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Forum insider: all the news and gossip from the Thames Gateway Forum

Our correspondent at the forum reveals the inside track on stalling housing, market pressures and Wayne Hemingway

The Thames Gateway is no stranger to difficult times and at the fifth annual Thames Gateway Forum the nervousness was tangible.

Housing minister Margaret Beckett was clearly trying to keep chins up. In her opening address, she again reiterated the government’s support for the Gateway, saying the ‘concerted and comprehensive plan’ for the regeneration of the area provided the right mix of short-term help for businesses and families in the current economic climate, ‘while at the same time, preparing the economy for the future’.

She went on to say ‘at a time like this, if the Gateway programme hadn’t existed, we’d have had to invent it'.

Beckett's ‘we’re still committed but remember you’ve got it lucky’ message reoccurred in one of the conference modules, which focused on the ‘Big Four’ economic transformers of the Thames Gateway: Ebbsfleet Valley, London Gateway, the Lower Lea Valley and Canary Wharf.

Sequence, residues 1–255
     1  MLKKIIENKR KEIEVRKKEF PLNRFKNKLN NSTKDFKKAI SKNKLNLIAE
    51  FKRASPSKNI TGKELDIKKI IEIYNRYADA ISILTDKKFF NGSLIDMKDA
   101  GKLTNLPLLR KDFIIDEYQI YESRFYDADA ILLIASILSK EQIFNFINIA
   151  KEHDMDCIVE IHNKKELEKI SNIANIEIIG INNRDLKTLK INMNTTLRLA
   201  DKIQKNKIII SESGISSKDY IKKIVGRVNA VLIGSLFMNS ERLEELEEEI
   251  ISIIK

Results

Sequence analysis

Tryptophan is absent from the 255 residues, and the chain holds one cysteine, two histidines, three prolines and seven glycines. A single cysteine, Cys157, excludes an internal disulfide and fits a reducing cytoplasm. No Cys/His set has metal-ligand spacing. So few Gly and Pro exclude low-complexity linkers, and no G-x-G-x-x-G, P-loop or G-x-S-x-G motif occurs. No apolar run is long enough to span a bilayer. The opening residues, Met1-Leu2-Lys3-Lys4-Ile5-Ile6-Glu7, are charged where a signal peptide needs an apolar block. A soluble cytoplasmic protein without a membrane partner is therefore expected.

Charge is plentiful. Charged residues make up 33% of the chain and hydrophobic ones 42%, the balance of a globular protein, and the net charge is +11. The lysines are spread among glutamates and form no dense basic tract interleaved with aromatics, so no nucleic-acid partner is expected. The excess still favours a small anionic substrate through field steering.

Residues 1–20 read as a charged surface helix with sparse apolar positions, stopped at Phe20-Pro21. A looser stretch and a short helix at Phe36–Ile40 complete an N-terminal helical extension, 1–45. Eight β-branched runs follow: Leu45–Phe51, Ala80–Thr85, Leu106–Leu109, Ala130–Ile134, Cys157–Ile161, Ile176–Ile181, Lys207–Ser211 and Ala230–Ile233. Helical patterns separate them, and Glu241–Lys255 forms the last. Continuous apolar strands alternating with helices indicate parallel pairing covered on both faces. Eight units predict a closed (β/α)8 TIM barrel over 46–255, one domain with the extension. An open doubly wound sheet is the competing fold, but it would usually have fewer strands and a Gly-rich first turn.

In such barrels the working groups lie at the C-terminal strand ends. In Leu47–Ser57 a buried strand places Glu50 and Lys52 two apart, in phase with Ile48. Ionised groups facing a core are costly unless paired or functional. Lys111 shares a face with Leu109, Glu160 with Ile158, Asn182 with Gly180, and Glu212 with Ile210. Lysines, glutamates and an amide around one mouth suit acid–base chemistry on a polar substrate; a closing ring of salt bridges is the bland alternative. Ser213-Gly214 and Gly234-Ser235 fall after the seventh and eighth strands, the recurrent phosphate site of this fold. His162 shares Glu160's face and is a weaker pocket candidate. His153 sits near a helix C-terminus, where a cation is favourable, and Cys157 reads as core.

Howard Dawber of the Canary Wharf Group said that ‘most cities in the world’ would be pleased to have such investments as Crossrail and the Olympic Park in a time of such financial turbulence. He went on to unveil an ambitious map of Canary Wharf’s planned growth of 1.14 million square metres – with,740,000m2 ready to go and the other 400,000m2 pre-let or sold. Despite trouble in the financial sector, JP Morgan signed last week on Rogers Stirk Harbour’s 176,000m2 Riverside South development, due for completion in 2013.

Housing is clearly not faring as well, despite being the top priority of the Homes and Communities Agency's incoming London regional director David Lunts.

Steve McGucking, heading up Land Securities’ interests in the Ebbsfleet Valley, admitted that although 40 homes had been built and sold this year at the company’s Springhead Park development, the planned Castle Hill development involving architects S333, Spacecraft and Proctor and Matthews, due to begin on site in summer 2009, has been put on hold.

John Shimmen, development director of Stratford City, also said that although the Westfield Stratford shopping centre would be opening in February 2011, the associated phase one housing has stalled, although the developer is ‘working with the local authority to take it forward’.

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